Gold Line (Los Angeles Metro)

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Metro Gold Line
LACMTA Circle Gold Line.svg
Atlantic Gold Line 3.JPG
Northbound train at Atlantic station
Overview
Other name(s)Beginning in 2022:
Line A (Northern portion-Blue Line)
Line E (Eastside portion-Expo Line)
TypeLight rail
SystemLos Angeles Metro Rail
TerminiAtlantic station
APU/Citrus College station
Stations27
Daily ridership50,087 (July 2016; avg. weekday)[1][2]
Line number804
WebsiteGold Line
Operation
OpenedJuly 26, 2003; 15 years ago (July 26, 2003)
OwnerLAMetroLogo.svg Metro (LACMTA)
CharacterMostly at-grade in private right-of-way, with some street-running, elevated and underground sections.
Rolling stockTrains run in 1-3 car consists
Ansaldobreda P2550
Kinkisharyo P3010
Technical
Line length31 mi (50 km)
Number of tracks2
Track gauge4 ft 8 12 in (1,435 mm)
(standard gauge)
Electrification750 V DC overhead catenary
Operating speed55 mph (89 km/h)
Route map

Atlantic
Parking
East L.A. Civic Center
Maravilla
Indiana
Parking
Soto
Mariachi Plaza
Pico / Aliso
Little Tokyo / Arts District
Union Station Red Line Purple Line Silver Line Metrolink (California)AmtrakFlyAway BusParking
Chinatown
Division 21 Yard
Lincoln/Cypress
Parking
Arroyo Seco Low Bridge
Heritage Square
Parking
Southwest Museum
Highland Park
Arroyo Seco High Bridge
South Pasadena
Parking
Fillmore
Parking
Del Mar
Parking
Memorial Park
Lake
Parking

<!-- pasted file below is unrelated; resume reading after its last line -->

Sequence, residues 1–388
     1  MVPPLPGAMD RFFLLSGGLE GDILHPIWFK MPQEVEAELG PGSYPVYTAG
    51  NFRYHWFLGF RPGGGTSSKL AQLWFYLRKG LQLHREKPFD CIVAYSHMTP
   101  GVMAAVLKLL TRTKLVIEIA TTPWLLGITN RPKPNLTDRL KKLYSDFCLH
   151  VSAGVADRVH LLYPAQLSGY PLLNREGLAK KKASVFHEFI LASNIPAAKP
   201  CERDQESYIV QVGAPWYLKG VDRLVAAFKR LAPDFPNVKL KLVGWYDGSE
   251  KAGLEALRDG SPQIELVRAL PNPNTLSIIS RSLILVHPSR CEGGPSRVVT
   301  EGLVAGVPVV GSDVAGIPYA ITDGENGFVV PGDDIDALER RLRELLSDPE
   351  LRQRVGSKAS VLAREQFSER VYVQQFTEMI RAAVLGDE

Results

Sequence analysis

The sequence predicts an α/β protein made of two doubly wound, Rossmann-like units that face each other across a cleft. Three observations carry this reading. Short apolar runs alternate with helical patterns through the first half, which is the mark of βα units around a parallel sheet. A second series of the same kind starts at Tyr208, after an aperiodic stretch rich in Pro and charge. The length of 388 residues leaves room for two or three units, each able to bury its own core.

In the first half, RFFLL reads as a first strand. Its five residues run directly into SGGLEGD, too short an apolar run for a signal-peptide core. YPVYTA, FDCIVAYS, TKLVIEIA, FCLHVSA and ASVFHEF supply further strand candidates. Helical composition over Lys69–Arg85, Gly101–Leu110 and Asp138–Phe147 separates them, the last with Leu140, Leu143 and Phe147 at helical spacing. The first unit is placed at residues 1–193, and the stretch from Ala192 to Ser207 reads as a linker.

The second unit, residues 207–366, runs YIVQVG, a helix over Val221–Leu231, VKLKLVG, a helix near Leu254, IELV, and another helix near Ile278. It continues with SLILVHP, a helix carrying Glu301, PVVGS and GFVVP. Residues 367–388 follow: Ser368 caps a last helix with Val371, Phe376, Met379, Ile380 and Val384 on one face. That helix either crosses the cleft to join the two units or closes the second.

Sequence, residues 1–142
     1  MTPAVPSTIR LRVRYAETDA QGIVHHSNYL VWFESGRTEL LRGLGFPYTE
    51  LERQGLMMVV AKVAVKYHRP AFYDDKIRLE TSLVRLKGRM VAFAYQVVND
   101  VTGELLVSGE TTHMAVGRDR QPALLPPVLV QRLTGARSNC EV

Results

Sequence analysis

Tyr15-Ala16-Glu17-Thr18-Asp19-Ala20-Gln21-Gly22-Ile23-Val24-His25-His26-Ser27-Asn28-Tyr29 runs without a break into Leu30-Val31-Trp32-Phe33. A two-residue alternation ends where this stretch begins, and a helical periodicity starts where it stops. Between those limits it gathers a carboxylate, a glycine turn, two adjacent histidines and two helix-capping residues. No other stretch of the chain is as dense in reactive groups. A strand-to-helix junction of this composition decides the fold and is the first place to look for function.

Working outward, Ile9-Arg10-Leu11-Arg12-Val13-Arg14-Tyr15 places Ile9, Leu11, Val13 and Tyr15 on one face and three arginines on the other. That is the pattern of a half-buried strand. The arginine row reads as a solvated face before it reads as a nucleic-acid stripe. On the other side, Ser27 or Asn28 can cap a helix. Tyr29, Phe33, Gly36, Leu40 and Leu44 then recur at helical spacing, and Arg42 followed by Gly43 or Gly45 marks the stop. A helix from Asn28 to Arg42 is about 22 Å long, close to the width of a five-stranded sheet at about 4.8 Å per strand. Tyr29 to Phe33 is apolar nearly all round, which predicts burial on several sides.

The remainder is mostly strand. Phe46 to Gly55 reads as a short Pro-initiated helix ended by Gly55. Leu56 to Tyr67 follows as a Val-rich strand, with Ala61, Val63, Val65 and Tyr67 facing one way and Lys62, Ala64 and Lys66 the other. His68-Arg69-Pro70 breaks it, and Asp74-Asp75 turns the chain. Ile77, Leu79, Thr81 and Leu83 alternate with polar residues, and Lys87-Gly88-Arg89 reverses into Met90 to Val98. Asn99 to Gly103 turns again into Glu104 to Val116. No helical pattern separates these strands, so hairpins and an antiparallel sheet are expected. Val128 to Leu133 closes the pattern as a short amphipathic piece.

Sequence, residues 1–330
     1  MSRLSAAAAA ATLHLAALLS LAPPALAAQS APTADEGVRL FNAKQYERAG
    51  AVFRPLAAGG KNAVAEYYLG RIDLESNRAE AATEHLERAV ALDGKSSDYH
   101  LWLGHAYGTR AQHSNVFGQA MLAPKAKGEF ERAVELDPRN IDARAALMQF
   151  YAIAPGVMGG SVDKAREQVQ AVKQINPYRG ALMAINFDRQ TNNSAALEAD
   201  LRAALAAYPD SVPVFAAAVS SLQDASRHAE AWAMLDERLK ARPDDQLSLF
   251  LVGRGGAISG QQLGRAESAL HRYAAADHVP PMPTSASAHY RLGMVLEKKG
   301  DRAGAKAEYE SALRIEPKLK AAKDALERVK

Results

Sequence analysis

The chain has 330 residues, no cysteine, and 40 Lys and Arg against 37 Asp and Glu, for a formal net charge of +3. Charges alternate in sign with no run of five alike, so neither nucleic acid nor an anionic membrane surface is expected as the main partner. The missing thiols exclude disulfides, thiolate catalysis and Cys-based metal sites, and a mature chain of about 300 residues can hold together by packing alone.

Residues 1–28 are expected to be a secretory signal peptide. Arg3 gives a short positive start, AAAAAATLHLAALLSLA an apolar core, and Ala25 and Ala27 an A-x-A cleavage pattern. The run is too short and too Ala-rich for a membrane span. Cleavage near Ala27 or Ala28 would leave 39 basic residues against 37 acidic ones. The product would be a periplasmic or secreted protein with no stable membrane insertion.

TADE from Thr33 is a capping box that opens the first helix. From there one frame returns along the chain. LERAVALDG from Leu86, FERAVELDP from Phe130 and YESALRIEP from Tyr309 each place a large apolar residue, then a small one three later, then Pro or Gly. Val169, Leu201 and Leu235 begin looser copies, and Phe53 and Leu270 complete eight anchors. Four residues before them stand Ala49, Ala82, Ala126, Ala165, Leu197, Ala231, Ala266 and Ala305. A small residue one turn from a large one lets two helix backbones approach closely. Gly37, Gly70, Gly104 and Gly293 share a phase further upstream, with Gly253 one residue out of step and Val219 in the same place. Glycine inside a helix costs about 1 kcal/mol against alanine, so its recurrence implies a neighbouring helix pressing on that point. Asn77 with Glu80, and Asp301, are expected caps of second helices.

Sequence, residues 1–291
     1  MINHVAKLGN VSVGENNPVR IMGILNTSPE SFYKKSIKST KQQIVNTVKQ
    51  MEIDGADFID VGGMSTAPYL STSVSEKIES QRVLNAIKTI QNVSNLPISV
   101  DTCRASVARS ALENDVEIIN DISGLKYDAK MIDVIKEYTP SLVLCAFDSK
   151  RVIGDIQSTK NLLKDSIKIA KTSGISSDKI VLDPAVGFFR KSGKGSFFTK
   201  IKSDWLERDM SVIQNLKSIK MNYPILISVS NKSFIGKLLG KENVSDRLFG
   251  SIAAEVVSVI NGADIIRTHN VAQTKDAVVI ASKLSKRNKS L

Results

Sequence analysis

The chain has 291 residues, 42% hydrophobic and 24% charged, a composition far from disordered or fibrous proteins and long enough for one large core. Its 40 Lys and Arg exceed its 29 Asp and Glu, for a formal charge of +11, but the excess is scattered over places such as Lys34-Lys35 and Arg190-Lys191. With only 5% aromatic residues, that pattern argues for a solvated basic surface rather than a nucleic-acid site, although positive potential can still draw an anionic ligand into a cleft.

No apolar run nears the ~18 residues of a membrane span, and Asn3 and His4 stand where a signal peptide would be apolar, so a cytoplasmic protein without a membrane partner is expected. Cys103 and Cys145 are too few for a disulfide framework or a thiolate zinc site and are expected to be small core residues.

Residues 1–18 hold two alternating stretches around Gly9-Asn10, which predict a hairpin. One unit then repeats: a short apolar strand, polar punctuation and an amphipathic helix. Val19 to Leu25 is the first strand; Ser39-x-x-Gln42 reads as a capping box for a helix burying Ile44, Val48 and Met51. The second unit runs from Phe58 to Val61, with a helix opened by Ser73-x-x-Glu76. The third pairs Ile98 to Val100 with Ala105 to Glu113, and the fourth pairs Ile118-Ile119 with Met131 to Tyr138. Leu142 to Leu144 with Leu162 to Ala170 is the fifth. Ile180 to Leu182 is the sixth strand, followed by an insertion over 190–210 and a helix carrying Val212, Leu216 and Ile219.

Allen
Sierra Madre Villa
Parking
I-210 (eastbound)
Arcadia
Parking
Monrovia
Parking
Division 24 Yard
Duarte/City of Hope
Parking
Irwindale
Parking
Azusa Downtown
Parking
APU/Citrus College
Parking
Glendora
Bicycle facilities Parking
San Dimas
Bicycle facilities Parking
La Verne
Bicycle facilities Parking
Pomona
Metrolink (California) Bicycle facilities Parking
Claremont
Metrolink (California) Bicycle facilities Parking
Montclair
Metrolink (California) Bicycle facilities Parking

Handicapped/disabled access all stations are accessible

Detailed diagram
showing all crossings
Parking
Atlantic
East LA Civic Center
Maravilla
Parking
Indiana
Soto
Mariachi Plaza
Pico/Aliso
Little Tokyo/Arts District
Union Station luggage cart access
ParkingFlyAway BusMetrolink (California)AmtrakRed Line Purple Line Silver Line 
Union Station
Chinatown
Division 21 Yard
Parking
Lincoln/Cypress
Avenue 33
Arroyo Seco Low Bridge
Parking
Heritage Square
French Avenue
Figueroa Street/Memorial Way
Avenue 45
Southwest Museum
Avenue 50
Highland Park
Avenue 59
Avenue 60
Avenue 61
Figueroa Street
Arroyo Seco High Bridge
Arroyo Verde Road/Sycamore Avenue
Pasadena Avenue/Monterey Road
Indiana Avenue
Orange Grove Avenue
El Centro Street/Glendon Way
Parking
South Pasadena
Mission Street/Meridian Avenue
Hope Street
Fremont Avenue/Grevelia Street
Columbia Street/Fair Oaks Avenue
private crossing
Glenarm Street
Parking
Fillmore
California Boulevard
Del Mar Boulevard
Parking
Del Mar
Memorial Park
Parking
Lake
Allen
Parking
Sierra Madre Villa
I-210 (eastbound lanes)
Colorado Boulevard
Santa Anita Avenue
Parking
Arcadia
Santa Clara Street/1st Avenue
Huntington Drive/2nd Avenue
Mayflower Avenue
Magnolia Avenue
Parking
Monrovia
Myrtle Avenue
California Avenue
Division 24 Yard
Mountain Avenue
Buena Vista Avenue
Parking
Duarte/City of Hope
Highland Avenue/Duarte Road
Irwindale Avenue
Parking
Irwindale
Virginia Avenue
Foothill Boulevard (former US 66)
San Gabriel Avenue SR 39 (southbound)
Azusa Avenue SR 39 (northbound)
Parking
Azusa Downtown
Dalton Avenue
Pasadena Avenue
Palm Drive
Parking
APU/Citrus College
Foothill Extension Phase 2 (2026)